As most IT professionals I usually configure network devices in a lab environment before the actual installation at customer site. I try to limit the installation as much as possible to a simple box moving process, spending most of the change window in a previously defined validation process. In this particular case I deal with a data center core network that includes 8 Nexus 9k switches configured in 4 VPC pairs and a bunch of links between them.
This story starts with a phone call at night. If you worked in IT long enough you know what it means. Customer’s HQ network is down and since the day before I’ve replaced a pair of data center switch in a remote site I’m somehow involved based on the well-known principle “last one who made changes is responsible”. I state that all the facts took place with my telephone support, without any remote access to the machines.
At Cisco Live Europe in Barcelona I had a chance to see Cisco Candid (Network Assurance Engine) in action. I shared my views on GestaltIT Tech Talks. Full video of TFDx session:
A couple of days ago Cisco released a Security Advisory. No big deal so far, level was informational so I didn’t read it right away. Title is impressive: Cisco Best Practices to Harden Devices Against Cyber Attacks Targeting Network Infrastructure so i read it during a lunch break just to be aware of the contents. Management sessions to network devices provide the ability to view and collect information about a device and its operations.
Automation and programmability is not a new topic for me. Having studied Information Technology in High School I’ve always coded somehow, never making it my primary focus but always using it as a tool to make my life easier. I remember a script I did in Pascal to create a menu to load custom maps for Doom II instead of using the CLI. It would be great to find it again but it’s very unlikely because I trashed so many PCs and hard drives since, well, at least I hadn’t bitcoins stored there!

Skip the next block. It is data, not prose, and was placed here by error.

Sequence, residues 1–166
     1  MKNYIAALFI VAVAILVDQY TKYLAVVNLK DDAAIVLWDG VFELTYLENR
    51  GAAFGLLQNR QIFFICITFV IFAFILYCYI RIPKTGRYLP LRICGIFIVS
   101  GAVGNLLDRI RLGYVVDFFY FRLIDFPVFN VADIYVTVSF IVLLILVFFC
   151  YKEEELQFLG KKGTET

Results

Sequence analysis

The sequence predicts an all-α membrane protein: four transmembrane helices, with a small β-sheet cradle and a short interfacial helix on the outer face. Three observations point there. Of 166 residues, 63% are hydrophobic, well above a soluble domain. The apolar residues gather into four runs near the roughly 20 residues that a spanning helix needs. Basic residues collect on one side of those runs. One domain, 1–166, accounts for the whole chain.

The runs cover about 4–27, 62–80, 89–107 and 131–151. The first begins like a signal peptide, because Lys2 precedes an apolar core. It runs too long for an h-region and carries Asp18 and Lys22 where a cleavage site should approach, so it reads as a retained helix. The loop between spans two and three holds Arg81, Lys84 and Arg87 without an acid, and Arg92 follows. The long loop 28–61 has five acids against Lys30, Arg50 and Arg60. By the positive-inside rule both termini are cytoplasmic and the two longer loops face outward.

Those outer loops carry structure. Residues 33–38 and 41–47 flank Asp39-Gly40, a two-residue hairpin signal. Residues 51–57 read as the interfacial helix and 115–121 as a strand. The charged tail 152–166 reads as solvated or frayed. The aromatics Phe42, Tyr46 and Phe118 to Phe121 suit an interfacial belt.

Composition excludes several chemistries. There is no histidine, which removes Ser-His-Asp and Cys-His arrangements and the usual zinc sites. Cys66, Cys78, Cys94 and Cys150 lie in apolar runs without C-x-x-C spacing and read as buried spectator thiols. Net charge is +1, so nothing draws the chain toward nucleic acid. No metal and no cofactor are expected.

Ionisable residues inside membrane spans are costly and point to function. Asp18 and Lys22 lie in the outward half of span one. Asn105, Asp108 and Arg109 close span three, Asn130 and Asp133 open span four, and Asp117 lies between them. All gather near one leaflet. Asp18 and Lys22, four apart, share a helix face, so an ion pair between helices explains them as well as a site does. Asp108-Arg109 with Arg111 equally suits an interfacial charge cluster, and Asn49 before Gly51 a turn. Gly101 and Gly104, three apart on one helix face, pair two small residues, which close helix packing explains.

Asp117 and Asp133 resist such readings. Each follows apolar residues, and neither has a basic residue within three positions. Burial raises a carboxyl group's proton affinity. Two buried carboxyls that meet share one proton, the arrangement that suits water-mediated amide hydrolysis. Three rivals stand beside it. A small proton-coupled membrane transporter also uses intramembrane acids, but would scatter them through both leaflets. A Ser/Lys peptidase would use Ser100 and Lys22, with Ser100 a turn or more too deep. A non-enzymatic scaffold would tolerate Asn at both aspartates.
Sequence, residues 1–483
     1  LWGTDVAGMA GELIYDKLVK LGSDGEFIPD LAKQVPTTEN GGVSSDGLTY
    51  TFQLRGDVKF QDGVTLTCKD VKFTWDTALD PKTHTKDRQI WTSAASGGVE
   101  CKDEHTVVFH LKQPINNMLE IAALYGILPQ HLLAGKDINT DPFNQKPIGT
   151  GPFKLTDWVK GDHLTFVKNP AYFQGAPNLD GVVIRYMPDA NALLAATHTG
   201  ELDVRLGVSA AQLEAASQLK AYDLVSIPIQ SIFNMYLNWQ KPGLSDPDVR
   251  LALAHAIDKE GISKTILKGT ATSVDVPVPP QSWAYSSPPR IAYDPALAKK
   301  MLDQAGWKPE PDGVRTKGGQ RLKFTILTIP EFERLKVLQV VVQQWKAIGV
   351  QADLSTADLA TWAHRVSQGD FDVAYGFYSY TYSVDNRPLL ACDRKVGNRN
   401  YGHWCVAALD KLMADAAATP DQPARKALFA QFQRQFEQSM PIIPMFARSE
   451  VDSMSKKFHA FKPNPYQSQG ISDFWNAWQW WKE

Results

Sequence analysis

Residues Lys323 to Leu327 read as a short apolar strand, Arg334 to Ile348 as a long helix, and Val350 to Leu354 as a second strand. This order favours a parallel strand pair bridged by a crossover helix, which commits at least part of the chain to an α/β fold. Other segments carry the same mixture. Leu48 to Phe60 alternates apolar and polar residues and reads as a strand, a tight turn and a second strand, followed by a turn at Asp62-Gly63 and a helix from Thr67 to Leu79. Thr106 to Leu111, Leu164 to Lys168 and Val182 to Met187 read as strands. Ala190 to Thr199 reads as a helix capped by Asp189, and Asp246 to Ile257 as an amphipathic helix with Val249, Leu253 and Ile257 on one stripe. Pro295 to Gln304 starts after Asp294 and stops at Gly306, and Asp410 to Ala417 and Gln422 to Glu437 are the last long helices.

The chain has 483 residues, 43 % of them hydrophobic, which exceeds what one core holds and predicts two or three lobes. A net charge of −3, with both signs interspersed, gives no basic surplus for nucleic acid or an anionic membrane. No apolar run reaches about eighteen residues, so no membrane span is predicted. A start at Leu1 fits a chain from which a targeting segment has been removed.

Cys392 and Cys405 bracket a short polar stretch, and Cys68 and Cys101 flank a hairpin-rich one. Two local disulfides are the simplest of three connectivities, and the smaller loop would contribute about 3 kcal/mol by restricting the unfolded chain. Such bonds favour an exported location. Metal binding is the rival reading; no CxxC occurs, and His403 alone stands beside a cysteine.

For a Network Engineer living and working on the field has some challenges that are not common in office environments. I have a set of tools, hardware and software, that I bought or built over the years that allow me to accomplish my job in more effective way. I used to carry a small Access Point to provide connectivity inside a datacenter or campus when the rack is located in odd places (you know what I mean).
We live in a time of intent, automation, orchestration and a lot of wonderful tools that promise to make the life of network engineers easier. Sometimes reality is simpler and maybe less fascinating, real problems need to be solved quickly with small budget. The specific case I discuss here is a medium network, around a hundred devices. The problem is to create an inventory of all the devices, backup configurations and verify all the boxes have the correct syslog, ntp and timezone configuration.
I had the honor and pleasure of being invited again to attend Tech Field Day, this time for an Extra event at Cisco Live Europe in Barcelona. Cisco Live is a week full of product announcements, technical session, (social) networking with fellow network engineers, meetings with colleagues and customers, discussions with Cisco engineers about products and roadmap. This is exhausting and exciting at the same time but it definitely worth the effort.
In the previous post of this AirPiConsole series (part1, part2) I used Autossh to create a reverse tunnel from the device to a cloud VPS to permit remote access. The VPS I use is cheap but unreliable so the tunnel was down most of the time so I started looking for a better alternative. The solution came from the Packet Pushers podcast episode PQ134 about ZeroTier. What is ZeroTier?
The future of CLI and how Network Engineers will interact with devices is a topic being discussed quite often: "I'll give you my CLI when you pry it from my cold, dead fingers" - said no #CCIE ever, they're busy automating their networks with Python to save time for more creative activities. Just a few of them suffer the "CLI Stockholm Syndrome"https://t.co/jHkB4LQk5T pic.twitter.com/j8CDgCIBpA — Gian Paolo (@gp_ifconfig) December 6, 2017 Andrew Lerner wrote on November 2016: